Do yourselves a favor, friends, be more discerning consumers of information!

From now on, brothers and sisters, if anything is excellent and if anything is admirable, focus your thoughts on these things: all that is true, all that is holy, all that is just, all that is pure, all that is lovely, and all that is worthy of praise. Practice these things: whatever you learned, received, heard, or saw in us. The God of peace will be with you.

Philippians 4:8-9

Do yourselves a favor, friends, be more discerning consumers of information!

Derek Maul

Saturday morning. Feels good, doesn’t it? Take a long, deep, breath. Typically, today is an opportunity to slow down, take in an extra cup of coffee, relax, and read the news before even thinking about heading downstairs to breakfast…

But I don’t want to read the news! The news doesn’t relax me, it increases anxiety.

So what should I/we do instead? We certainly don’t want to pretend that the world is not in the incredible mess that it is, reeling from a series of self-inflicted wounds, unable to do anything other than increase tension, and pain, and disillusionment for so many people. But it doesn’t help to dwell on it, either, to camp out there and wring our hands; it doesn’t help to allow ourselves to perpetuate the false narrative that humankind is completely lost; it doesn’t help to – as psychologist Albert Ellis said – to awfulize.

Fact is – and I know this because I am a news industry insider – things are not always quite so bad as they tend to look on your GOOGLE news feed.

Seriously. Sensation sells, and our attention as information consumers is all news organizations really want. Attention is a marketable commodity. It does not benefit the industry to say, truthfully, “Nothing sensational happened here today!” The real/authentic/best stories – more often than not – should be:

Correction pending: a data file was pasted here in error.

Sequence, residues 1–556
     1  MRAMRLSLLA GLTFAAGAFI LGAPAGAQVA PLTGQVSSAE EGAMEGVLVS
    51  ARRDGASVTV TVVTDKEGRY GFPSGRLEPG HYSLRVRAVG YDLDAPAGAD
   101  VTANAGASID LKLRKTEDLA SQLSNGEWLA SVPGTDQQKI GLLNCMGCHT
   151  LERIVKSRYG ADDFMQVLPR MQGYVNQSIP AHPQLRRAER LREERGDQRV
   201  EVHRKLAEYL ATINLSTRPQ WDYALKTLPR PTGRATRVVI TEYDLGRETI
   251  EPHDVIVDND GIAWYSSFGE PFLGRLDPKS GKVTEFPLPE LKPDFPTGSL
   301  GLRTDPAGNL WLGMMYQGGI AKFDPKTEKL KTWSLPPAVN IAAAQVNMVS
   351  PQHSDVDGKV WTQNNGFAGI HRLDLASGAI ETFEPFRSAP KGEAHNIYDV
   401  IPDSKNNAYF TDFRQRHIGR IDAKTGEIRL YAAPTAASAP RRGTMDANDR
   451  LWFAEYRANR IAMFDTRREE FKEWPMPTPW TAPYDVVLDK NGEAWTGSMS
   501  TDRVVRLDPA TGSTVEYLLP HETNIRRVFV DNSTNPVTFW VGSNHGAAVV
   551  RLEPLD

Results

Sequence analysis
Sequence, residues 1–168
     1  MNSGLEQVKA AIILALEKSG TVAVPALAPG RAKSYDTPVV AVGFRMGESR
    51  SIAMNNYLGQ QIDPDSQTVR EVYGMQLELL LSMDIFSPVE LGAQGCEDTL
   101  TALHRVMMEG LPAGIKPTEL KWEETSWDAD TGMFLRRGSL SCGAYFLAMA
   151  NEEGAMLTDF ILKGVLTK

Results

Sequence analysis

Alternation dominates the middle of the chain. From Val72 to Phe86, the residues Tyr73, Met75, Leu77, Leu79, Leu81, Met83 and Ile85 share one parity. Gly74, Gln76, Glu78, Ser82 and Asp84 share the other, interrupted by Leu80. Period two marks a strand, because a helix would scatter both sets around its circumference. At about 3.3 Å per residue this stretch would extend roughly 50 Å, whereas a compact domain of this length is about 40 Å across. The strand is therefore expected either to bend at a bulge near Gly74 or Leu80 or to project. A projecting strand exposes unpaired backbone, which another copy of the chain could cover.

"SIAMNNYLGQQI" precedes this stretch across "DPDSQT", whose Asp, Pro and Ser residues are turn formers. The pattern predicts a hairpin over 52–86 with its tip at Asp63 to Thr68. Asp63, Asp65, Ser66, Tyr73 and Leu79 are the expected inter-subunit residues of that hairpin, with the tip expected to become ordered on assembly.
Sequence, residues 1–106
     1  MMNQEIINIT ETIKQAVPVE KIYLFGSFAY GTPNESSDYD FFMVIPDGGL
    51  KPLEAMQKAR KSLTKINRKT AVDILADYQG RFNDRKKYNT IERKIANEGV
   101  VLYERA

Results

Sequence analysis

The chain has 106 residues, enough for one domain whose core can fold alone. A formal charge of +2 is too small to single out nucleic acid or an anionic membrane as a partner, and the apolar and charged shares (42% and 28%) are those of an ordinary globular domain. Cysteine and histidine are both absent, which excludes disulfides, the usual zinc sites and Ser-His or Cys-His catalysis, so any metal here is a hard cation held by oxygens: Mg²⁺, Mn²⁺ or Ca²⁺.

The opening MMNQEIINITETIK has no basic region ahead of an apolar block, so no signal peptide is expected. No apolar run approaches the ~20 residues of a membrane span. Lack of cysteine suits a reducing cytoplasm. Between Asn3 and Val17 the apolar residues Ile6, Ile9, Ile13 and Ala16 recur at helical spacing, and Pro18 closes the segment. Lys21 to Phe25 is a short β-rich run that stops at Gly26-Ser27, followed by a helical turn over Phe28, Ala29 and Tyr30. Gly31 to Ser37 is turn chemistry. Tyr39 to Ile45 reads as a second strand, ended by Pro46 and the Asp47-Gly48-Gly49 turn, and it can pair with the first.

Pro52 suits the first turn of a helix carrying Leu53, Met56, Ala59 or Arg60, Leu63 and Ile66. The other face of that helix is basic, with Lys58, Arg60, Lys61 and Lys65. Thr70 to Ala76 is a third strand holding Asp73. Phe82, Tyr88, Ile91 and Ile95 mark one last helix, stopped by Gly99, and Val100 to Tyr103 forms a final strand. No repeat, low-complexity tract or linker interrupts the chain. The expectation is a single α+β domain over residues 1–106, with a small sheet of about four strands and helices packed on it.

• “People in America got along well together this weekend”,
  • Three police officers were filmed yesterday playing pick-up basketball with teens in a rough part of town,”
  • “Members of a local Presbyterian church sent out youth Sunday afternoon, and they documented more than 100 random acts of kindness,”

… Instead, media outlets are more inclined – especially if there is nothing salacious today – to headline something like this gem: “DIANA WAS STILL ALIVE HOURS BEFORE SHE DIED!!!!”

Do yourselves a favor, friends, be more discerning consumers of information!

Click, click, click!!

If you click on it, it is going to go around, circle the world at least twice, and then come back with a vengeance. Meanwhile true stories – good stories featuring perfectly wonderful people treating others with respect and love – are ignored to the extent that they pretty much disappear from everyone’s feed.

Yes, this may take some serious internal discipline, but I would like to challenge as many of you as possible to do the following:

  1. Assiduously avoid negative rabbit holes
  2. Refrain from repeatedly clicking negative, slanted, or sensational headlines.
  3. Instead, like, share, pass on, re-post, and click click click on articles that tell the good and encouraging human story that most of us live and enjoy from day to day.
  4. Find something positive in the news and share that.
  5. Go out of your way to encourage at least one person every hour of every day.

In other words, both consume and disseminate the kind of information that will contribute to the betterment of society, the promotion of people sharing good news stories, and the truth being told.

Yes, I said “the truth” – because the truth about this world is that – despite the ambitions of people like Putin (and others who regard power as more worthy of pursuit than the common good) – God has created a predominantly cooperative, encouraging, affirming, good, kind, helpful, loving, caring population of human beings.

We are the ones who need to promote this good story. Not only promote it, of course, but live it, and live it with the kind of passion that gains the attention of those who need to hear the Good News, and accept it, and live into it, and then share it – again and again.

Now that is what I call being good consumers of information – DEREK

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